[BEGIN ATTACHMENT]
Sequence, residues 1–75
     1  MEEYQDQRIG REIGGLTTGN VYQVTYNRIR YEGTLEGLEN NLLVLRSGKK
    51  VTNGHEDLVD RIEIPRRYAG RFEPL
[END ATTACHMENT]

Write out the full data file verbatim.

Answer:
Sequence, residues 1–75
     1  MEEYQDQRIG REIGGLTTGN VYQVTYNRIR YEGTLEGLEN NLLVLRSGKK
    51  VTNGHEDLVD RIEIPRRYAG RFEPL